Off-topic: My son won't eat and I am at my whit's end!!!

New Topic Post Reply Printable Version
[ << Previous Thread | Next Thread >> ]

SassyMyKitty
Veteran Member


Date Joined Apr 2009
Total Posts : 673
   Posted 6/28/2009 5:48 PM (GMT -7)   
I have a 20 month old son, and he refuses to eat. This has been going on for about two months now. We have spoken to the doctor and he doesn't seem concerned, but I am. He only wants to eat cheese puffcorn. But, we decided to take that away in the hopes that with it gone, if he got hungry enough, he would eat. My son is too young to send him to bed hungry. My husband and I just don't know what to do. We have tried to give him food, but he absolutely refuses. Sometimes, he will eat some of that Go-Gurt, but that's about it. I am so afraid that he is going to end up in the hospital with a feeding tube down his throat. I know that kids go through phases, but this one is really scaring me. My hubby and I just don't know what to do. Does anyone have any advice, suggestions, support, anything?? I really need some help. I just really am at my whit's end. This is so frustrating for my hubby and I because we want to see our son eat. We want to see him healthy. His hemoglobin is a little low, and I am afraid that it is only going to get lower. I am really afraid he is going to have to go into the hospital. Someone, please HELP!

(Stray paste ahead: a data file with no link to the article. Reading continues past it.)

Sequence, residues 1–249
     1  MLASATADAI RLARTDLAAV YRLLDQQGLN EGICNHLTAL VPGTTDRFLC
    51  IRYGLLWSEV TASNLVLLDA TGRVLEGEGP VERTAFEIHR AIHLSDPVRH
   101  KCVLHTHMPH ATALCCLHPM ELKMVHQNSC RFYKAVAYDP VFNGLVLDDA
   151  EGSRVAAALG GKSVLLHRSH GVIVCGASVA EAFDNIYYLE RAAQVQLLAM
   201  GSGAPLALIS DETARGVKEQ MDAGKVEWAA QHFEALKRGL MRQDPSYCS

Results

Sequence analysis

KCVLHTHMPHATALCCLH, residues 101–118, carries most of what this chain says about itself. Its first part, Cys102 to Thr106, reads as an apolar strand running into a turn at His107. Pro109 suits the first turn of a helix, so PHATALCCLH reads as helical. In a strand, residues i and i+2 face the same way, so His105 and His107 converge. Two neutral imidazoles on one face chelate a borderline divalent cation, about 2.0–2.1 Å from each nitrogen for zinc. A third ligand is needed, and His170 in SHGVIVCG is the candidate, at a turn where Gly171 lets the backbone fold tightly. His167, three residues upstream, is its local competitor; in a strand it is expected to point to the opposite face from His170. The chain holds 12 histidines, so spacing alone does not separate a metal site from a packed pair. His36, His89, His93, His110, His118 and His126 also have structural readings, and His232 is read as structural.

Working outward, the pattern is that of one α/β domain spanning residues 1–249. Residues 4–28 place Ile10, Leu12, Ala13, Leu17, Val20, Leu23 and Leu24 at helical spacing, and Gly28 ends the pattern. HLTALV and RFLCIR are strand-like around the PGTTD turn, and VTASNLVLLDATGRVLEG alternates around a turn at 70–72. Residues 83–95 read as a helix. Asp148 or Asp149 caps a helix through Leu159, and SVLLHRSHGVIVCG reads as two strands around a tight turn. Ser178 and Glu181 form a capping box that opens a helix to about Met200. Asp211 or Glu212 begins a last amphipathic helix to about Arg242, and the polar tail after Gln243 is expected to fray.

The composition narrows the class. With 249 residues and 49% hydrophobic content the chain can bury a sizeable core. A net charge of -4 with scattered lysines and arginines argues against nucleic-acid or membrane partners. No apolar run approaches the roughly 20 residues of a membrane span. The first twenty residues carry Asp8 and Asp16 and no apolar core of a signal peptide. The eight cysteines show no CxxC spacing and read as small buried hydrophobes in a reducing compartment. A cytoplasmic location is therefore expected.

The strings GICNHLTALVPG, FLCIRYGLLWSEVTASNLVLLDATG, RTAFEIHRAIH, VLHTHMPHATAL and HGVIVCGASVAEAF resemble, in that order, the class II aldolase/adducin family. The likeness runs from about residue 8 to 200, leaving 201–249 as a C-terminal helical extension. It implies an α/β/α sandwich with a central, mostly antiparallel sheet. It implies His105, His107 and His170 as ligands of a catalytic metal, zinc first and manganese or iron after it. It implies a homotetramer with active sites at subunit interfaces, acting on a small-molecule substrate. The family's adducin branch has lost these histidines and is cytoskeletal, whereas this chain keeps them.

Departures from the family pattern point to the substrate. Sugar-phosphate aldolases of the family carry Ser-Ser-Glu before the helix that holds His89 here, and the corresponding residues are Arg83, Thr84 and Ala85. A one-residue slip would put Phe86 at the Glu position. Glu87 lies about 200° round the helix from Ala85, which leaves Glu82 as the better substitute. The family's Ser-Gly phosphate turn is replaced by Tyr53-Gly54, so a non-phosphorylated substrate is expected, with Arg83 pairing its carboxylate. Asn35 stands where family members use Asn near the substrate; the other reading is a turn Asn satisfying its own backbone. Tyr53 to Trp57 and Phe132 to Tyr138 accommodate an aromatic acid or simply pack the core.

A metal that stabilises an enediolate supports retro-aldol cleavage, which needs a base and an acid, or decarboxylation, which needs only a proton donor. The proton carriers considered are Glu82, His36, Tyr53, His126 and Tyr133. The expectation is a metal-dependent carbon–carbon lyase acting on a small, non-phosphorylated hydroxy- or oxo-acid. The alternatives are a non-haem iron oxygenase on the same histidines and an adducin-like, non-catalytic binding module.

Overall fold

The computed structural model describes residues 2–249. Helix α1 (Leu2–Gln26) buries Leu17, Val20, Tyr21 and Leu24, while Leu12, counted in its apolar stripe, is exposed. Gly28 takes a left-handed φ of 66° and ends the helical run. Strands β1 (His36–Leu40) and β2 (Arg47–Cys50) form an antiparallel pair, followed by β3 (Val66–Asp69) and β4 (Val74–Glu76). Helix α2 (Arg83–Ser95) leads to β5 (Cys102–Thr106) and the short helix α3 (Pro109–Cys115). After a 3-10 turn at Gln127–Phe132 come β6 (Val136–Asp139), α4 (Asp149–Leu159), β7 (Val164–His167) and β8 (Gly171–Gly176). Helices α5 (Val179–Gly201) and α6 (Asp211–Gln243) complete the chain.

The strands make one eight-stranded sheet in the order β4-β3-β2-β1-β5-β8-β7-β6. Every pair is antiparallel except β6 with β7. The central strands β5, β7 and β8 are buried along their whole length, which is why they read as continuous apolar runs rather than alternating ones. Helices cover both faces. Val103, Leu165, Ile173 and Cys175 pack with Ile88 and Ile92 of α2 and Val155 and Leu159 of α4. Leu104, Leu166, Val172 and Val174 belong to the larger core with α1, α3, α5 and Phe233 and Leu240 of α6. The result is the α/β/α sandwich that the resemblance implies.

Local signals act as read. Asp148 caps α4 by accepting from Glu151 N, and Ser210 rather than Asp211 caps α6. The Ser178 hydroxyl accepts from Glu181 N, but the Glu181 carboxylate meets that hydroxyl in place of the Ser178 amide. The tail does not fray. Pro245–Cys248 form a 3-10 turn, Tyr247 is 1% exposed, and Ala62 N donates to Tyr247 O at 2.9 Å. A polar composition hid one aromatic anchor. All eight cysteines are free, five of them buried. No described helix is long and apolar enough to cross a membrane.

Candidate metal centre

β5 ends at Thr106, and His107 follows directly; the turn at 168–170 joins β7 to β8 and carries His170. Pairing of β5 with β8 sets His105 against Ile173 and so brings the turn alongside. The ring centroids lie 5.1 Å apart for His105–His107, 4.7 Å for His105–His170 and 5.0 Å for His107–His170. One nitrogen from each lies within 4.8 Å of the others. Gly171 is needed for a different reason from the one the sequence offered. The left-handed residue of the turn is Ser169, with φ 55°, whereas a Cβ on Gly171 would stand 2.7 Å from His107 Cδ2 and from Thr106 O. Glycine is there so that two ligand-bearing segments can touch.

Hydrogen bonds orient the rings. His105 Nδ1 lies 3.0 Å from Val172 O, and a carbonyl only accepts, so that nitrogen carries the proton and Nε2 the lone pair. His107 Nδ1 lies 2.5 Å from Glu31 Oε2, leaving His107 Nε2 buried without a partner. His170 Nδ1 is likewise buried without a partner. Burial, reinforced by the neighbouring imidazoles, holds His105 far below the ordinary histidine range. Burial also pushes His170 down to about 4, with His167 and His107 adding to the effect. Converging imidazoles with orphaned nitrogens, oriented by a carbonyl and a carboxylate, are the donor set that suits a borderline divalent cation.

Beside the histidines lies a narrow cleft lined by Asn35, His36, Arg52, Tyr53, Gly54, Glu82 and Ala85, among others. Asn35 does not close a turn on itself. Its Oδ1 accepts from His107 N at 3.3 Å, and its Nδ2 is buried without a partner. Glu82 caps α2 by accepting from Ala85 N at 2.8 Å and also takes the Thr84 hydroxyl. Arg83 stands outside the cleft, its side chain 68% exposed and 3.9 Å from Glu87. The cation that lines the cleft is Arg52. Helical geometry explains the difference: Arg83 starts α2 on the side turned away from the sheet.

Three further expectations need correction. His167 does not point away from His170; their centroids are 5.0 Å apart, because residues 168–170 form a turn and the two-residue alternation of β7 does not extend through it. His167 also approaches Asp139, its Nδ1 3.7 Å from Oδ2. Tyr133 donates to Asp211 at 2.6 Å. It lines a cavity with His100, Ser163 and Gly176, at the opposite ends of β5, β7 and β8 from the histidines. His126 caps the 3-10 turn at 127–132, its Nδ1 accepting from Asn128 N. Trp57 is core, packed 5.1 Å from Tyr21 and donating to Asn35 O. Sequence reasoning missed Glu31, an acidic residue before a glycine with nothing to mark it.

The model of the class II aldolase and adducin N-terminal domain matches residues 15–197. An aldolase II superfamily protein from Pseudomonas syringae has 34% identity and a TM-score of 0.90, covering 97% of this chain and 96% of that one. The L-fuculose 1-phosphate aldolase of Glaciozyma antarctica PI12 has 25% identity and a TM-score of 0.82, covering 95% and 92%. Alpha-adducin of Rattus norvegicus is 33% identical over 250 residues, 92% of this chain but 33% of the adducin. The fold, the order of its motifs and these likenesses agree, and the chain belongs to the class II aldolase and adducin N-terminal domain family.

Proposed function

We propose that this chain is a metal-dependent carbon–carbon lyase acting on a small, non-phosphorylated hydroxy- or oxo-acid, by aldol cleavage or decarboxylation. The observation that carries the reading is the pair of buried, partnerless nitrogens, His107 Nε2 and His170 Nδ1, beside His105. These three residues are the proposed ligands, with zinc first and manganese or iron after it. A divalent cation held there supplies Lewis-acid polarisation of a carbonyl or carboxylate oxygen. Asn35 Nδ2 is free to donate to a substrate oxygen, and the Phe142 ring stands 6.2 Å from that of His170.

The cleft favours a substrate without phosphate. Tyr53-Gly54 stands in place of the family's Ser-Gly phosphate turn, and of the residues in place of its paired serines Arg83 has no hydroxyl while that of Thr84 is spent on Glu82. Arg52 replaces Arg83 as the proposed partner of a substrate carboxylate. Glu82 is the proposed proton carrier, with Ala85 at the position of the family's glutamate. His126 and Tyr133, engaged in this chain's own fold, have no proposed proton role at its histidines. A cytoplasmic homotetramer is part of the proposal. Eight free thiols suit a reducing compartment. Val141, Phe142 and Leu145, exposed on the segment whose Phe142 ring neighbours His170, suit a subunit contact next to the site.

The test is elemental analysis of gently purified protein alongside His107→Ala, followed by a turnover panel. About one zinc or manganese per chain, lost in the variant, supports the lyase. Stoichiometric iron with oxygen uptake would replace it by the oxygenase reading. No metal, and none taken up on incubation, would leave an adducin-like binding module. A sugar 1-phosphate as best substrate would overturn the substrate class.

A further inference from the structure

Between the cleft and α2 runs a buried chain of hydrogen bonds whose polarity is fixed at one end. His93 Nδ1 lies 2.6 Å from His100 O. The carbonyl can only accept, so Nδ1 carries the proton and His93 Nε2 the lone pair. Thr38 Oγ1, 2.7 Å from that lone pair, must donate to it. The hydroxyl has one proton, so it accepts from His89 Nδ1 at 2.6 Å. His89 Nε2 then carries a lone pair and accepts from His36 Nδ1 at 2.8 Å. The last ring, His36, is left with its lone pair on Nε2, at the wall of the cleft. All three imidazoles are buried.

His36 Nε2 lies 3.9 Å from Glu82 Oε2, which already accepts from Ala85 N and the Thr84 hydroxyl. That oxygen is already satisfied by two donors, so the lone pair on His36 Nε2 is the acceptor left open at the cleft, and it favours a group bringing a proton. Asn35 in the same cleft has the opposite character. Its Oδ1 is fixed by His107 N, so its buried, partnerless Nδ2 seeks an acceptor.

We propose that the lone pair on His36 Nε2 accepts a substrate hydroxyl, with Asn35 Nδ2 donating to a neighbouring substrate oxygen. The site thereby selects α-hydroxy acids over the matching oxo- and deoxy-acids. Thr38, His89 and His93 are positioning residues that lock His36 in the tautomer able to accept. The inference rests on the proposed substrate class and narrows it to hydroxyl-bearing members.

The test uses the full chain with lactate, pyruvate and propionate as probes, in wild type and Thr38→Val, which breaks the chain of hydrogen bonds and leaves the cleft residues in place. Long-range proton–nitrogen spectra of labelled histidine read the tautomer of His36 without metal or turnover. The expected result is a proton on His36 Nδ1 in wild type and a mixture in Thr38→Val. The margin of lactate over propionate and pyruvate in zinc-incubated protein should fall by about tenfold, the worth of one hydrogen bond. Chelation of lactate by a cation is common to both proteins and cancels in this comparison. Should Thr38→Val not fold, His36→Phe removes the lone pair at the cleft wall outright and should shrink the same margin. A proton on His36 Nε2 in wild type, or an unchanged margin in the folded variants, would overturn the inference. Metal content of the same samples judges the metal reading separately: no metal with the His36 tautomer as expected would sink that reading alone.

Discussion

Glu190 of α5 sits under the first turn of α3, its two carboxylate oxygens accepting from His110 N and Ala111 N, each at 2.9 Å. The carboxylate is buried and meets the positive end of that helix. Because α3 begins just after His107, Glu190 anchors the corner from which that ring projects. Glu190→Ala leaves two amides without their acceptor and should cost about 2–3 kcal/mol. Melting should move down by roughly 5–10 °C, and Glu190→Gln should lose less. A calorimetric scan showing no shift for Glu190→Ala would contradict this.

'Cause when push comes to shove
you taste what you're made of.
You might bend til you break
'cause it's all you can take.
On your knees you look up
decide you've had enough.
You get mad.
You get strong.
Wipe your hands
shake it off.
Then you stand.
 
-"Stand" by Rascal Flatts
 
 


sjkly
Veteran Member


Date Joined Dec 2007
Total Posts : 2113
   Posted 6/28/2009 6:22 PM (GMT -7)